There's a new edge to Derrick Rose. As he took the United Center floor for the first time since tearing his ACL in June 2012 on Wednesday night, you could see there is a chip on his shoulder.
This edge and chip is no doubt born from the mounds of criticism levied at him from the media and even the fans who adored him throughout the infant stages of his career.
Those baby steps rendered a Rookie of the Year award in 2009, a Most Valuable Player award in 2011 and renewed championship hope in his hometown. With the decision not to play on a knee he was less than comfortable with, many of the Bulls fans who cheered their favorite son turned on Rose.
Memes of Rose in suits were circulated all over the internet, and questions about his toughness were carelessly spread. Rose could have buckled under the immense pressure to please the fans of his organization and his home city. Instead, he did what was best for him long-term.
This defiance—whether it was his idea or the brainchild of a single or team of advisors—will ultimately be the best stance Rose takes in his career.
In all honesty, as valiant an effort as the Chicago Bulls put forth in the 2012 NBA playoffs, they weren't going to defeat the Miami Heat—even with an unsure Rose in the lineup. Coming back last season would have been a move Rose did simply to appease the fanbase.
This season represents the last and best chance this group of Bulls has at winning a championship. If the team can't get it done this season, the Bulls will be forced to rebuild around their young star. Essentially what Rose did last season was save his body unnecessary damage in what would have been a lost cause.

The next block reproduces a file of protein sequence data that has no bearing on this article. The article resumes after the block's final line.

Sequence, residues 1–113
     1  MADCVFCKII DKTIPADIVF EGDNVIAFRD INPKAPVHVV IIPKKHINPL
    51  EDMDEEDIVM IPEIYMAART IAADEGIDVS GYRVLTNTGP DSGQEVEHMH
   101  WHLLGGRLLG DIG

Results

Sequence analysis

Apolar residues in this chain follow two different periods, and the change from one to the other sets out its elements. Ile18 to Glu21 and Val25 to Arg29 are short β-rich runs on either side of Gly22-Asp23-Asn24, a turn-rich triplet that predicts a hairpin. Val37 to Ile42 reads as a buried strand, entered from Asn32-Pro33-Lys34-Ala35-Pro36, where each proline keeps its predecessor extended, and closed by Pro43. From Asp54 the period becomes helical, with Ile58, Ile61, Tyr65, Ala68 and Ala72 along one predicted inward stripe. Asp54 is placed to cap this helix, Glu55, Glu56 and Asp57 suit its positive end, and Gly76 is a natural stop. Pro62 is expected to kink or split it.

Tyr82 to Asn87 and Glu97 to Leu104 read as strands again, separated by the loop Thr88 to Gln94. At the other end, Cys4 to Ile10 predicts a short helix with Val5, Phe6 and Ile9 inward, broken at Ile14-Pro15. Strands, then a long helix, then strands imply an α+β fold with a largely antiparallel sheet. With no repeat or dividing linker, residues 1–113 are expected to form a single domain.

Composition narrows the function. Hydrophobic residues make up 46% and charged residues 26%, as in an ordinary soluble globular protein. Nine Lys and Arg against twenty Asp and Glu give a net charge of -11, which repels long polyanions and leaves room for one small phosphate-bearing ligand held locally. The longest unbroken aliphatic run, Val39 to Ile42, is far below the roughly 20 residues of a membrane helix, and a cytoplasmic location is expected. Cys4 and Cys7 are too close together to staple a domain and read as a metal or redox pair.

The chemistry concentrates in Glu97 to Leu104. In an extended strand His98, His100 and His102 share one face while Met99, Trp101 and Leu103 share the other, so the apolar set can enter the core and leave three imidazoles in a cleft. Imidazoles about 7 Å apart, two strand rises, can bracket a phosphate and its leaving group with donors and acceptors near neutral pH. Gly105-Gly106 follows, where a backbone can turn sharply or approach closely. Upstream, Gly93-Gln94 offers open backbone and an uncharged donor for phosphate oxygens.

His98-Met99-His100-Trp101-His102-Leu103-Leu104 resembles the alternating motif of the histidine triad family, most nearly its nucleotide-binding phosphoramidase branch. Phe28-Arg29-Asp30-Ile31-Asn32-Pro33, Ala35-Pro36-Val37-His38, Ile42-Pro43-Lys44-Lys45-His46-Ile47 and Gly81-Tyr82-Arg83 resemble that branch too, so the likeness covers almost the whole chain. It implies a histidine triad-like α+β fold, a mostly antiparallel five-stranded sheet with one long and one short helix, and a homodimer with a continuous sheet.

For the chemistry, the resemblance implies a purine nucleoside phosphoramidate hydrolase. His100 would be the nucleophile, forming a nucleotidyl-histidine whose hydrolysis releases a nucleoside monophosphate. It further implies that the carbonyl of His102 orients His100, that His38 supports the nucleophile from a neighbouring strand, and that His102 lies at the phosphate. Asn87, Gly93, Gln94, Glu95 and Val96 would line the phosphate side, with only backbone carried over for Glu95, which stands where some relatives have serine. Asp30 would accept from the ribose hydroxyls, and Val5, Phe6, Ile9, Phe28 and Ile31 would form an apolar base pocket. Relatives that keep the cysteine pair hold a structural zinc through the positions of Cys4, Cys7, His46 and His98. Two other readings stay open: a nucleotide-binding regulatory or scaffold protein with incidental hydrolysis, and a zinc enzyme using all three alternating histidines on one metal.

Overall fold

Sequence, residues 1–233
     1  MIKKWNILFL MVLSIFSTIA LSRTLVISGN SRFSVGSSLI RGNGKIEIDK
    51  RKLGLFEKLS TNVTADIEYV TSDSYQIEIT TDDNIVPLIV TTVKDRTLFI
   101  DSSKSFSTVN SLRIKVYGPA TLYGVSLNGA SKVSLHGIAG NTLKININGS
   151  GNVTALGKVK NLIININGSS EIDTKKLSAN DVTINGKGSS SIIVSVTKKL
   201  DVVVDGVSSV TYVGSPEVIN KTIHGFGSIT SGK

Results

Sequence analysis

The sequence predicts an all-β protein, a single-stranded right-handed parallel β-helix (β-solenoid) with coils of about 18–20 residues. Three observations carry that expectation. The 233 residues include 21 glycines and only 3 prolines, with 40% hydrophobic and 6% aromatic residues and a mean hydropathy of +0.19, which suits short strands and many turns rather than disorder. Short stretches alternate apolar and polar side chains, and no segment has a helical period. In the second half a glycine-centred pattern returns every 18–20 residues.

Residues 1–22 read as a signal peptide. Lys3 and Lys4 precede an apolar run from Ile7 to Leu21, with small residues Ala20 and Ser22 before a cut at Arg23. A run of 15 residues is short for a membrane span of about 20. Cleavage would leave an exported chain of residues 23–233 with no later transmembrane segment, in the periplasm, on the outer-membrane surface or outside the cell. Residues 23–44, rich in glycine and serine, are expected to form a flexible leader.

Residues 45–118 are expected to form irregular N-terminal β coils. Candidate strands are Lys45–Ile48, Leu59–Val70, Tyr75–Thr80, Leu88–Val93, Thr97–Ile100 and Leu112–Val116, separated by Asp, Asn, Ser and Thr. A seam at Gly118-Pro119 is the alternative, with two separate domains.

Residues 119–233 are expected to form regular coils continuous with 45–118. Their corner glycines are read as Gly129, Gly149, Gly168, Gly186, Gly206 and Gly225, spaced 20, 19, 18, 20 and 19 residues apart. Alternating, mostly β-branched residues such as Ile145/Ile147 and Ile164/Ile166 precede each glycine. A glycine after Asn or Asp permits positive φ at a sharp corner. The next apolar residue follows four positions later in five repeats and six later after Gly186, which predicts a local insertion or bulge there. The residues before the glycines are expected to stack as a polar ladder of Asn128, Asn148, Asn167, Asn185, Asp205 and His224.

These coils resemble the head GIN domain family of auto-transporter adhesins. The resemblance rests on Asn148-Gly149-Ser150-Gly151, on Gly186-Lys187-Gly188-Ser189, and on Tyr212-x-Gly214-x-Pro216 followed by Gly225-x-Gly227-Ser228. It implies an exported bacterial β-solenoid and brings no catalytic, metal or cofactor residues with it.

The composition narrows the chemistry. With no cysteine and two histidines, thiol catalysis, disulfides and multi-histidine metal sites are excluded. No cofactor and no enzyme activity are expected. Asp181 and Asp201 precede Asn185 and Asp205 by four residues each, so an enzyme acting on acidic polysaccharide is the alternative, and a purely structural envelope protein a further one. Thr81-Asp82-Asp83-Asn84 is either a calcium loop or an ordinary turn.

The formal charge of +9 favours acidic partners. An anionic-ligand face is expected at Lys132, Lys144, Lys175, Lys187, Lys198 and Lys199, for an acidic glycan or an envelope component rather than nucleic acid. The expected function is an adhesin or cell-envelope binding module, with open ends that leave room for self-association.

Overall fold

To put it plainly, he chose to live to fight another day.
The Bulls are among a group of five teams with legitimate aspirations to win an NBA championship this season, but if that doesn't happen, Rose could ultimately be the only major contributor remaining if the team decides to retool.
Luol Deng is headed for free agency. Carlos Boozer is a top candidate for the amnesty clause; and as beloved and effective as Joakim Noah is, he is highly-paid and coveted around the league. The Bulls could be tempted to move him.
Jimmy Butler and Taj Gibson are role players who will also draw tons of interest. Gibson is solid, but his salary is a bit high considering he isn't an offensive force. His $7.9 million this season and escalating deal is tough to swallow when a lack of legitimate scoring options is the team's only real weakness.
Butler is underpaid, and teams will want to pluck him from the Bulls before he re-signs for a deal closer to what he's worth.
In short, major changes are on the horizon, and if Rose wanted to remain a figurehead—even for a new group of Bulls—he needed to ensure his body was right. From the looks of things this preseason, he's as good as new, if not better. In his United Center return, Rose had 22 points in just 22 minutes of action.
He told Nick Friedell of ESPN.com he was more explosive and that his vertical leap has improved by five inches. Let's not forget, Rose just turned 25 on Oct. 4. Back before top prospects automatically left school after their freshman or sophomore seasons, Rose would only be in his third year in the NBA.
Sitting out last season wasn't a waste; it was a year of preservation. Could he get injured again? Absolutely, but such is the risk in playing professional sports. That very risk is the reason Rose was right to defy anyone who suggested he should return before he was ready.
Players only have so many healthy years in their bodies. It is their responsibility to make the most of those opportunities.
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